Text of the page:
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SpaceX Conducts Static Test Firing
SpaceX Falcon 9 rocket and Dragon spacecraft.Image above: The Dragon spacecraft and its Falcon 9 rocket, both made by SpaceX, are rolled to the launch pad ahead of the static firing test for the rocket. Photo courtesy of SpaceX.
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The SpaceX Falcon 9 and Dragon spacecraft.

Image above: A Falcon 9 and Dragon spacecraft stand at Space launch Complex 40 at Cape Canaveral Air Force Station, Fla., during a wet dress rehearsal ahead of the launch of a demonstration mission to the International Space Station. Both the rocket and sapcecraft are made by Space Exploration Technologies, better known as SpaceX. Photo credit: NASA/Cory Huston
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The SpaceX The Falcon 9 aborted its launch attempt on May 19 with an engine cutoff. Following the cutoff, the launch team has established the Falcon 9 rocket is in a safe configuration. Early data shows that the chamber pressure on engine 5 was high. The teams will continue to look at the data and assess a launch attempt on May 22.

This follows a launch dress rehearsal April 30 by the SpaceX launch team that concluded with a brief engine firing to verify the company's Falcon 9 rocket is ready to launch. The practice countdown also tested some of the systems on the Dragon spacecraft that will fly to the space station.

"Woohoo, rocket hold down firing completed and all looks good!" reported Elon Musk on his Twitter account. Musk is the owner and chief designer for SpaceX, or Space Exploration Technologies. The company's engineers are reviewing data from the test, SpaceX reported.

SpaceX is preparing for its second Commercial Orbital Transportation Services, or COTS, demonstration to show that private industry can build and launch spacecraft on regular cargo resupply missions to the station. This rocket and spacecraft will not carry people, but will have about 1,200 pounds of supplies onboard for the six astronauts and cosmonauts working on the space station.

The flight is an ambitious test for the company and the agency as they work through a new spacecraft, rocket and rework the fundamental approach to spaceflight. Even if problems develop on this particular mission, NASA officials say the agency will keep the effort going and work to resolve any issues.

Mission plans call for an extensive set of tests in space requiring the Dragon spacecraft to show that it can move precisely in orbit and approach the space station carefully. Only after these tests are successful will the spacecraft be allowed to approach the orbiting laboratory close enough to be grappled and berthed by the station's robotic arm.

Originally, this mission was to include only the launch and tests in orbit rather than physically connecting to the station. If the Dragon is unable to complete its tests successfully, NASA expects to work with SpaceX to resolve whatever issues develop and accomplish a rendezvous and docking on the third demonstration mission. That would not set back any of NASA's plans for future cargo missions to the station because it would be following the parameters the agency originally established for the COTS contract with SpaceX.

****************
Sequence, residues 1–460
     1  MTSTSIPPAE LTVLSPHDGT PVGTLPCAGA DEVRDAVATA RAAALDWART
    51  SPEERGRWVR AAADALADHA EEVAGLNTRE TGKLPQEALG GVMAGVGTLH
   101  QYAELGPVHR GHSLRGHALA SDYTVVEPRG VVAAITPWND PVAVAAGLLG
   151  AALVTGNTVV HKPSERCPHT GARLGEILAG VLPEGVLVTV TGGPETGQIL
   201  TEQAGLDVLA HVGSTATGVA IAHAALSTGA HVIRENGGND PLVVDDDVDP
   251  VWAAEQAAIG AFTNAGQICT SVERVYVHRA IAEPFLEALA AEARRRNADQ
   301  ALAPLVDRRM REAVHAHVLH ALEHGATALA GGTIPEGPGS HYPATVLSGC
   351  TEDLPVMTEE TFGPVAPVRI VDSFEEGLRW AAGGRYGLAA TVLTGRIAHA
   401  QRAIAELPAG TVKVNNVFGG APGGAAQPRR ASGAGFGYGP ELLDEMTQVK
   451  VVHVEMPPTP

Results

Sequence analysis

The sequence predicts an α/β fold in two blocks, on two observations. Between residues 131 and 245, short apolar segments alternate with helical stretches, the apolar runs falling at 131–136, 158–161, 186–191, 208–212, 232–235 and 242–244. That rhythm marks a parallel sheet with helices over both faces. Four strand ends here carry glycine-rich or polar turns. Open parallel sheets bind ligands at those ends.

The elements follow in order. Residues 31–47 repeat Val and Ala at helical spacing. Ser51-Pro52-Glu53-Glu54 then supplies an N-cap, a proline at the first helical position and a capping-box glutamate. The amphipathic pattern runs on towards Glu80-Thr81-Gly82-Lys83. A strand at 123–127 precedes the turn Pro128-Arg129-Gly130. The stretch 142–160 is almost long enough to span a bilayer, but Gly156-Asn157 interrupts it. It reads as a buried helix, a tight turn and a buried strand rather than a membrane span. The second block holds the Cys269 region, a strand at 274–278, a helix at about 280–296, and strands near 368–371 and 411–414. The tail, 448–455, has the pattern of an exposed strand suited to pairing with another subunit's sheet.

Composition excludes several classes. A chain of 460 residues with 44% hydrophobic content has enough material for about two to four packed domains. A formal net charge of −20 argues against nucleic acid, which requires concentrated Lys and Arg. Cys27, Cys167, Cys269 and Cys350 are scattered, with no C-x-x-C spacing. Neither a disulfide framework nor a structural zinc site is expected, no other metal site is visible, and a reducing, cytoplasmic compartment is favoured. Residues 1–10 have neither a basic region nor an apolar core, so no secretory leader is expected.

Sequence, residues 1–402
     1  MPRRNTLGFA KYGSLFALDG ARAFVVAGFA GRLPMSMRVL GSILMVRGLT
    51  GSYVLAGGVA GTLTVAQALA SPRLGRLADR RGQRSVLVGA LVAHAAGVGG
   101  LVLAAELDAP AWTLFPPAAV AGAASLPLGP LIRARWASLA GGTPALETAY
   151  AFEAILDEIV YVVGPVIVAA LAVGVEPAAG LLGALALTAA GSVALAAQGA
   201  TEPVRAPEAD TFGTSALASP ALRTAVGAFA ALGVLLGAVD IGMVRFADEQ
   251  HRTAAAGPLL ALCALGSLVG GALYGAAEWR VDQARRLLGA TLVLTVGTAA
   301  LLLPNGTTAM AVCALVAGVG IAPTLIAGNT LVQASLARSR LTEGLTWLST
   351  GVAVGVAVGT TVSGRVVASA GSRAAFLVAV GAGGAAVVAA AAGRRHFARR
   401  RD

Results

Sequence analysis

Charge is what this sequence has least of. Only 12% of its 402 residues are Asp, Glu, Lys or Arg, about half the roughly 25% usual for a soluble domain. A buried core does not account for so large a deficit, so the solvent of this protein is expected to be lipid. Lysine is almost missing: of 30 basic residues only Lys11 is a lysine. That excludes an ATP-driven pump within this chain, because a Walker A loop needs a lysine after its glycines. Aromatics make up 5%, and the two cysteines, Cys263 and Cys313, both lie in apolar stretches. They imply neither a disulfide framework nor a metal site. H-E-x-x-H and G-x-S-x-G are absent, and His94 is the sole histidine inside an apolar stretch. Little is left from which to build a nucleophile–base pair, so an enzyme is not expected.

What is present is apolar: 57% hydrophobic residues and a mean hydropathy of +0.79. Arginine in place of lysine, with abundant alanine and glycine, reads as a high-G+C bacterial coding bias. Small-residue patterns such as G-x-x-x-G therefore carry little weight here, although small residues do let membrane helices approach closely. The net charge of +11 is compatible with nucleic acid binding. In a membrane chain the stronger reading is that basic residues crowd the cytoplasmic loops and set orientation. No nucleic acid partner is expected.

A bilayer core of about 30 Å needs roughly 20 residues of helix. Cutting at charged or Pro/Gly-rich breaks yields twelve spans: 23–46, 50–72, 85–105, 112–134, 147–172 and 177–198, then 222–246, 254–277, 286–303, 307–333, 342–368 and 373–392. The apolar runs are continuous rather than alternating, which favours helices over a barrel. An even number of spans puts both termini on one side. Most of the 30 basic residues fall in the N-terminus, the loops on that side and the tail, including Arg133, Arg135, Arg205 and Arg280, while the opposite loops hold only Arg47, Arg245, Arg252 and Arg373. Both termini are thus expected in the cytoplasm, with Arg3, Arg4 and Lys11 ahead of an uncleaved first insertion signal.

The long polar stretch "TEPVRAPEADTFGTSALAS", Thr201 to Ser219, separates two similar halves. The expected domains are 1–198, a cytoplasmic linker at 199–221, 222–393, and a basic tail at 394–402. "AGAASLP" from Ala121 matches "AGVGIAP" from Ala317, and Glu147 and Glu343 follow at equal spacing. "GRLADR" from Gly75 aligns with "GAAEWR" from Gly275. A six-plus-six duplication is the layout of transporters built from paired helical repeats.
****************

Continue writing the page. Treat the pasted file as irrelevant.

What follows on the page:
As SpaceX continued its launch preparations at Space Launch Complex 40 at Cape Canaveral Air Force Station in Florida, the static test firing gave the launch team a good indication of its readiness. The ignition for the static fire test took place at 4:15 p.m., about 45 minutes after a last-minute technical issue scrubbed the first attempt. After troubleshooting, the launch team recycled the countdown. While good practice for a launch scenario, the issue would have scrubbed the day's opportunity on a real launch day because the rocket has an instantaneous window in order to catch the space station.

The Falcon 9 is powered by nine Merlin engines, and SpaceX reports that all nine were lit and run at full power for two seconds during the test The rocket's second stage is powered by a Merlin vacuum engine, which runs on refined kerosene and liquid oxygen, the same fuel and oxygen combination that was used on NASA’s Saturn V moon rocket first stage.

The SpaceX mission will be a landmark for the privately run company that used the same rocket/spacecraft combination in December 2010, to become the first private organization to launch and recover a spacecraft from Earth orbit.

This time, SpaceX’s Dragon capsule is scheduled to operate in space for about three weeks, including an unprecedented rendezvous and berthing to the space station. If successful, the mission will give the company another place in the record books.

NASA wants private industry to deliver cargo to the orbiting laboratory on a regular basis. NASA awarded COTS space act agreements to SpaceX and Orbital Sciences Corp. of Dulles, Va., to help them develop their rockets and spacecraft.

NASA engineers and flight controllers are closely working with SpaceX ahead of this flight to coordinate the intricate approach, rendezvous and birthing plans needed for this historic demonstration mission to the International Space Station.

Steven Siceloff
NASA's John F. Kennedy Space Center